( journalist, art critic, independent curator )


TM Davy

Marie Maertens: How do you start a painting?

TM Davy: It is hard to say exactly.  The process always seems to be shifting in subtle and mysterious ways, which I am glad for. I can say that a work always seems to start with some existent relationship in my life, an engagement or connection to a real person or moment or thing.  A love of some sort. Sometimes, something very personal will sit in my mind as an image, but it will also seem to bridge or find intimate tension against broader histories or politics or ideas.  I love that.  There are times when a painting will appear nearly fully formed in my head, like some archetype of memory and connection. But that glimpse of composition only offers itself long enough to start, so I'll ask the person to sit for me. Having the "subject" sit in my studio helps to not only articulate forms, but to explore and develop the underlying relationship, both in paint and reality. Something always deepens through the new time spent. Sometimes I will simply begin from life, nothing preconceived at all but the subject. I'll make sketches and false starts till something interesting emerges. Sometimes a work is finished later from the influence of memory or feeling or exploration of light and form. Sometimes photographs are taken and looked at somewhere along the way. At the end of the day, I keep my process open to complexity and a magic-like selection of various truths.  "John (portrait of a young artist)", for example, was done while he was drawing the plants in my studio. I started while he was totally immersed and not really posing, and shifted my position to follow the intensity of his looking.  I love the way his energy feels built into the work.  Every painting for me is a sort of alchemy of means, a bridging of subjective and objective response in sometimes odd mixtures.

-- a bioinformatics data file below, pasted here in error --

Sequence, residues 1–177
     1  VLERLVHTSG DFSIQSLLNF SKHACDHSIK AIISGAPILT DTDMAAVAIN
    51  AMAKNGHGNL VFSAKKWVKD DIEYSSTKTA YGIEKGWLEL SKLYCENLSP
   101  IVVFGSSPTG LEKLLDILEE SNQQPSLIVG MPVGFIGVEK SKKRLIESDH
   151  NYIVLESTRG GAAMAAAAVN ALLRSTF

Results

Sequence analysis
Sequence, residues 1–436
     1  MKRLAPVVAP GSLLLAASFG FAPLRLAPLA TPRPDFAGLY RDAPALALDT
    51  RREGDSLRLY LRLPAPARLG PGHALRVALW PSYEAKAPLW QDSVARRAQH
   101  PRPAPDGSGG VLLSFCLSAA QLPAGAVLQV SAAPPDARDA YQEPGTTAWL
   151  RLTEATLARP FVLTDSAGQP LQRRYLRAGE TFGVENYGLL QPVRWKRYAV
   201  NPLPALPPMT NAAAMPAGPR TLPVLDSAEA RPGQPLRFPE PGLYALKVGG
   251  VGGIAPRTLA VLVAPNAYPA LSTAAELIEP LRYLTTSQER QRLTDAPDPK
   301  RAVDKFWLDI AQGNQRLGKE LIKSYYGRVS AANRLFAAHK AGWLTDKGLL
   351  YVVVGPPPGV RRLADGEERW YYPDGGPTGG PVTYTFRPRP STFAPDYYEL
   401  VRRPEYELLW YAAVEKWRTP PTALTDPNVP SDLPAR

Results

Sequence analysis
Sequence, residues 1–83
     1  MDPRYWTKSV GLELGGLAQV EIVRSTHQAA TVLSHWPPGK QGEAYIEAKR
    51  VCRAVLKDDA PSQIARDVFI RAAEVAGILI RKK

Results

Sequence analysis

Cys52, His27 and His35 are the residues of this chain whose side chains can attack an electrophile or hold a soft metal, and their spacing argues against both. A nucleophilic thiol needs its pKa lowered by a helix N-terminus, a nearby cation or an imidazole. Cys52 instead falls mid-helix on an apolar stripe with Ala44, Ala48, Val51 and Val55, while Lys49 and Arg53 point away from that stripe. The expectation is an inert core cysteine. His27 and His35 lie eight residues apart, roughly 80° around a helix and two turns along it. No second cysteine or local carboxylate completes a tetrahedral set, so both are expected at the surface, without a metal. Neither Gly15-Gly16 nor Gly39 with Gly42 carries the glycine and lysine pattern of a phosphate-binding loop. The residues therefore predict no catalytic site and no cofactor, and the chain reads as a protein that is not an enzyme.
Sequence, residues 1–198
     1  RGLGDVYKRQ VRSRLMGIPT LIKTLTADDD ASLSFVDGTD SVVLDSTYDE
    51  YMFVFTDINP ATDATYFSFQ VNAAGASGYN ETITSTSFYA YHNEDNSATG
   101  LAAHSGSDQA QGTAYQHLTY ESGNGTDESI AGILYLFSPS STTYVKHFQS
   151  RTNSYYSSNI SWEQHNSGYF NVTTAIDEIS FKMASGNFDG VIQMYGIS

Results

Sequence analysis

In the Summer Camp’s exhibition, you represented several times this John. Who is he?

Indeed, John is my cousin, so I've known him his whole life. His parents asked me to be his godfather when I was a teenager. It turned out that I was maybe a poor choice as church goes, but it bonded us on some other level. John already lives in NY and is starting art school this year. He is a great young artist. I've painted him a few times over the years, and it is has been amazing to watch him become who he is. He has a sort of fierce independence and sensitive acuteness that is fascinating and wonderful. There were times when he sat for me that he was awesomely present. We'd talk about music or life, and he would have the sort of strong and bold opinions that made me realize why some teenagers seem to push culture forward. Other times he would drift off in that teenagery way where I'd wonder what he was thinking, but wouldn't ask.

Why do you focus so much about teenagers?